Native Grep and Cat Alternatives in Windows (sort of…)

If you use a Linux operating system for much you are probably familiar with the “grep” and “cat” commands and their usage.   Grep is probably one of the most powerful utilities in Linux because it allows for text and regular expression searching a number of different ways.  Grep is so popular that it has even been ported to Windows by many.  So how do you get grep functionality in Windows?  Well, you can download many of the installable versions out there and you’re set.  Unfortunately, in a pristine server environment with change control or limited privileges this is not an option.  Let’s look at a fairly decent alternative that is native to windows.

The “find” command in windows is defiantly nowhere close to as powerful as grep.  However, some of the basic functionality is still available.  First, let’s look at my personal favorite usage case.  Let’s generate some output in a terminal window with “netstat” in both Linux and Windows as the results of each are similar.  Then, let’s cut back on the results to be more manageable.    For this I am talking about “netstat –an” in Windows and “netstat –aln” in Linux.  Go ahead and issue one or each of these on your systems now.

As you see the result set is fairly long.  Being a network guy I need to know things about specific network services.  For instance, is that web service listening?  With Grep we would do something like this and get the results shown:

[root@test01 ~]# netstat -aln | grep :80
tcp        0      0 :::80                       :::*                        LISTEN
tcp        0      0 ::ffff:        ::ffff:      TIME_WAIT

In the windows version you can do something similar with a command and output like this:

C:\>netstat -an | find ":80"
  TCP                 LISTENING

As you can see the Windows option is quoted.  It must be quoted and it must be the string you want to match.  Sorry, regular expressions are not supported as they are in Grep.  I will not put you to sleep with a stack of examples but it is worth mentioning “find” has various inclusion and exclusion options.   They are as follows:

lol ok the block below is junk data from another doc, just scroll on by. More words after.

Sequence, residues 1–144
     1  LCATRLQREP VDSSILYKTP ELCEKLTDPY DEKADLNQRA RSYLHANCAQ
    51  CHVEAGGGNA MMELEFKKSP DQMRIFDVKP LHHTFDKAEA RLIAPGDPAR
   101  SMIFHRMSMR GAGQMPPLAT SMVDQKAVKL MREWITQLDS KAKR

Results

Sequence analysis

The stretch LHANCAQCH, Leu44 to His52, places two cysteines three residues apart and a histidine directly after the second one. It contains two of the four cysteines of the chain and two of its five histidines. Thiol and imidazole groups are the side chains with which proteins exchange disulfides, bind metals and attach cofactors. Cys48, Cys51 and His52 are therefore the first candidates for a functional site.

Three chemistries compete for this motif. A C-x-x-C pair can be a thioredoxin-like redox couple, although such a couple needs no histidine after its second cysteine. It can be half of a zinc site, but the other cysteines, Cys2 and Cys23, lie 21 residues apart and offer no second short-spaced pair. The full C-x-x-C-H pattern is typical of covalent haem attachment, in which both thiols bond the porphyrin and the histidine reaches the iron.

C:\>find /?
Searches for a text string in a file or files.
FIND [/V] [/C] [/N] [/I] [/OFF[LINE]] "string" [[drive:][path]filename[ ...]]
  /V         Displays all lines NOT containing the specified string.
  /C         Displays only the count of lines containing the string.
  /N         Displays line numbers with the displayed lines.
  /I         Ignores the case of characters when searching for the string.
  /OFF[LINE] Do not skip files with offline attribute set.
  "string"   Specifies the text string to find.
             Specifies a file or files to search.
If a path is not specified, FIND searches the text typed at the prompt
or piped from another command.

Ok, so you get the idea I’m sure.  Now, let’s talk about the “cat” command and the windows alternative “type” for a minute.  “cat” in Linux allows one or more file to be printed to the terminal.  A very nice way to get file contents into plain sign without having to launch a text editor, etc.  It is also a nice way to get file contents into another utility such as “grep” allowing a search of multiple files with only a single command string.  For the next few examples lets pick on the web server logs of each platform and explore for the host “”.   In Linux we would see something like this:

[root@test01 httpd]# cat error_log | grep
[Wed Dec 05 13:44:05 2012] [error] [client] File does not exist: /var/www/html/asf

Now, let’s do something similar in Windows with “type” and “find”:

C:\WINDOWS\system32\LogFiles\W3SVC1>type ex121205.log  | find ""
2012-12-05 18:37:29 W3SVC1 GET /asd - 80 - Mozilla/5.0+(Windows+NT+6.1;+WOW64;+rv:15.0)+Gecko/20100101+Firefox/15.0 404 0 2

As you can see there are many ways these utilities can be used.  I hope you have found this useful!  As always, feel free to leave comments or other tips you may have around these utilities.


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